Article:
Just looked at the place where I grew up - there is a subdivision next to it that did not appear in real life until the mid-1970's. This photography looks pretty recent to me - am I missing something?
posted by Wylie Kyoto at 12:56 PM on September 20, 2011


Wylie, that happened to me, and I had to play with the settings and ultimately reload to get the 1930s images. I'm not sure I completely understand the interface.
posted by Miko at 12:59 PM on September 20, 2011


You also need to turn the opacity slider on the right down (or up?) all the way, otherwise the result is a blend of the old and new images.
posted by smackfu at 2:56 PM on September 20, 2011


Hmm. What I'm seeing is definitely not the 1930s. I grew up in NJ 1957 - 1970. No matter how I manipulate the settings on the page, I see streets, developments and schools that didn't exist until the 60s or later. And lots of swimming pools. There certainly weren't all those swimming pools there anytime before the 70s. Not what it says on the tin?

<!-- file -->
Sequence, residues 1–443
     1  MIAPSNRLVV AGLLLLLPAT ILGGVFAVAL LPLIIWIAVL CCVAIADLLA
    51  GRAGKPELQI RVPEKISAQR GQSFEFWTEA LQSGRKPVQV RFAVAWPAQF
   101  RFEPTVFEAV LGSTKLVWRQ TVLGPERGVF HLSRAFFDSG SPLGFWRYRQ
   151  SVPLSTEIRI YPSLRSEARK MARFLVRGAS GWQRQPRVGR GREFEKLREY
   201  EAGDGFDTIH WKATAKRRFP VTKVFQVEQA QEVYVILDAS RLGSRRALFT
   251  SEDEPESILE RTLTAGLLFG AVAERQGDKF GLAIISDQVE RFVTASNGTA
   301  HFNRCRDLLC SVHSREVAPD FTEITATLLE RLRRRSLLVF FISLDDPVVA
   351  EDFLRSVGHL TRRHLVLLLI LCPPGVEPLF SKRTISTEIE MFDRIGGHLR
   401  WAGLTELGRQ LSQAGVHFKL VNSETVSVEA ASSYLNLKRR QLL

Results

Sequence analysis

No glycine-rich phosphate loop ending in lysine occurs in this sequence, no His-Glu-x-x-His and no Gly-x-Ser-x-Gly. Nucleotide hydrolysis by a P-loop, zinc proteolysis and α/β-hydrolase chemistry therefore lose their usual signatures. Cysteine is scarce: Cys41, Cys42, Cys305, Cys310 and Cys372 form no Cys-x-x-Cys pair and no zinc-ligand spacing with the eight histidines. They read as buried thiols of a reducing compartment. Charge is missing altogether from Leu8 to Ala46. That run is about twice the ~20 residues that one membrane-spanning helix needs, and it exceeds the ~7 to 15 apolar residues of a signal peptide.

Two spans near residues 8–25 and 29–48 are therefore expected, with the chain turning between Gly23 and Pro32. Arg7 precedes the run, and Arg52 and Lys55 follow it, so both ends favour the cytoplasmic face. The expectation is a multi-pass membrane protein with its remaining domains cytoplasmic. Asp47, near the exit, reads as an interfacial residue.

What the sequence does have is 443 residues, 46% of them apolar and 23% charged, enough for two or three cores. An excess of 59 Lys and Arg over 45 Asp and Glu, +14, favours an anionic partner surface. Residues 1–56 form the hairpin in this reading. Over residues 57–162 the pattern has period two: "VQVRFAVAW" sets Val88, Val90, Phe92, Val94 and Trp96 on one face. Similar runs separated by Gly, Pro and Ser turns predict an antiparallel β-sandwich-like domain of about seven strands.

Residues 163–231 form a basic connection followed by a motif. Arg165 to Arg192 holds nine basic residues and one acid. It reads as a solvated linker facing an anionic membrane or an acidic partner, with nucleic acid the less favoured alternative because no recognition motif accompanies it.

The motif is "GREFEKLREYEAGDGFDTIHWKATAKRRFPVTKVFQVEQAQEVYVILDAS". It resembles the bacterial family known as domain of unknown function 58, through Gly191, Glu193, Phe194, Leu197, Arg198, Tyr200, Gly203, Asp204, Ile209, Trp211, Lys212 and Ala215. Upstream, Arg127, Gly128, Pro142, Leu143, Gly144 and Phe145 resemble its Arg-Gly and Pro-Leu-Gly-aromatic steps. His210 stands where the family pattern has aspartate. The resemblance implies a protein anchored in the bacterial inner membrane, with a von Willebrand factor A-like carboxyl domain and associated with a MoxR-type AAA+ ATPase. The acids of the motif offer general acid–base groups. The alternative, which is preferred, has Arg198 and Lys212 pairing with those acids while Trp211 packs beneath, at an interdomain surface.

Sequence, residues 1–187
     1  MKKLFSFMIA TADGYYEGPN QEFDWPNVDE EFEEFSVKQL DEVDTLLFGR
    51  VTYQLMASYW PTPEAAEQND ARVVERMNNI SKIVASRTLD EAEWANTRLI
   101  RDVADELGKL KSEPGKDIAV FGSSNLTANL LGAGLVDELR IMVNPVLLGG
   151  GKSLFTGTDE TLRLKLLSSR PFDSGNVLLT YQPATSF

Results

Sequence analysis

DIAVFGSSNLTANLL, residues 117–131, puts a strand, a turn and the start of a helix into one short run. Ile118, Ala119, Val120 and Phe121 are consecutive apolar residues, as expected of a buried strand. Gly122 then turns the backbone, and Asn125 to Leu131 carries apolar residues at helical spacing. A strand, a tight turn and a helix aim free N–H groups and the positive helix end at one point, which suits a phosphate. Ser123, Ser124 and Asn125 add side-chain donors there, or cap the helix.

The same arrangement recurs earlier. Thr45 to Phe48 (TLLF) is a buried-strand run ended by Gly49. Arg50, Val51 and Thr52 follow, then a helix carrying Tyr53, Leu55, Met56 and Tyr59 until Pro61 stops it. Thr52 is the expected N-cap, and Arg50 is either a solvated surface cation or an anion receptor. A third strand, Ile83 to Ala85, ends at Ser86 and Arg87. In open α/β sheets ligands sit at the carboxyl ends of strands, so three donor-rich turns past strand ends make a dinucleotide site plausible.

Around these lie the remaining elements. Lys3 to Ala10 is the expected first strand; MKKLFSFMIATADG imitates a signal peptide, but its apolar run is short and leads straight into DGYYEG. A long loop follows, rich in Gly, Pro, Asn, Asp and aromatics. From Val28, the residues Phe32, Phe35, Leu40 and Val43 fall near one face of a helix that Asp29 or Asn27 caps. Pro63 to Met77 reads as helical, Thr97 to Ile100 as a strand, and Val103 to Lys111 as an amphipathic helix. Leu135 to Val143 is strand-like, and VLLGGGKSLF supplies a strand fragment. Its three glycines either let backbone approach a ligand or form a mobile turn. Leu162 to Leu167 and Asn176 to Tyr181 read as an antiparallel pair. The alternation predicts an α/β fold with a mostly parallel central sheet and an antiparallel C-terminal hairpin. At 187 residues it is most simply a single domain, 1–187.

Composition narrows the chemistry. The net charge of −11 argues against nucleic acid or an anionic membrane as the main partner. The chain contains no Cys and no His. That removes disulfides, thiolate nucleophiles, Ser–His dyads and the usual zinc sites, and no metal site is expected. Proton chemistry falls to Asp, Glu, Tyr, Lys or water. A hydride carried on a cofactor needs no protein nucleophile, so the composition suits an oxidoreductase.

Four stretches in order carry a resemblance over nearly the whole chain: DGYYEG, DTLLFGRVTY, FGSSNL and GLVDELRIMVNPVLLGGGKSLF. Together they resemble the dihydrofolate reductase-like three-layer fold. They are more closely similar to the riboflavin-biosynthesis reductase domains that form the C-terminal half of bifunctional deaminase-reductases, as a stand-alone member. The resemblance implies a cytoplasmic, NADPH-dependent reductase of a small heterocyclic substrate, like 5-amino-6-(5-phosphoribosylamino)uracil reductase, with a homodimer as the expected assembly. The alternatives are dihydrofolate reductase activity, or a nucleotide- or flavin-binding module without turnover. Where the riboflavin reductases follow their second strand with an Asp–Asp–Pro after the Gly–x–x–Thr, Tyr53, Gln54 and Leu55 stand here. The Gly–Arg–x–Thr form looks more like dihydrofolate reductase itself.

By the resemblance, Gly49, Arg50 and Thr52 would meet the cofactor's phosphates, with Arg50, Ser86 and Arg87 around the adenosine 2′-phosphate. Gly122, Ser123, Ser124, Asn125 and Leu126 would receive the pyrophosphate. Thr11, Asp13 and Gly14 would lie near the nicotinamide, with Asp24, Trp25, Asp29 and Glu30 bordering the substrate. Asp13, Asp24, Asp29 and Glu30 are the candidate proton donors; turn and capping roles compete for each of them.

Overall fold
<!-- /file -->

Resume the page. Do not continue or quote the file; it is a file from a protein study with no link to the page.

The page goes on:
posted by Corvid at 7:32 PM on September 20, 2011


For those of you having issues with the 1930s imagery not showing up, what browser are you using? I gave up on IE's handling of opacity a long time ago.

@Miko: The State has many statistics and maps pre-1980s, all paper hard-copy. The 1980s brought GIS into the scene, thus introducing a different mindset regarding retention. If you're familiar with ESRI, the "Microsoft of the GIS World", the State of New Jersey (specifically DEP) has a double-digit customer number. The university I now work for has had GIS for at least two decades, and we have a 5 digit customer number. NJ DEP has been using it since at least 1986. While there has been a wealth of data available digitally through OPRA (NJ's state-level FOIA), most of the hard-copy remains accessible only via a trip to Trenton.
posted by johnjreiser at 9:18 PM on September 20, 2011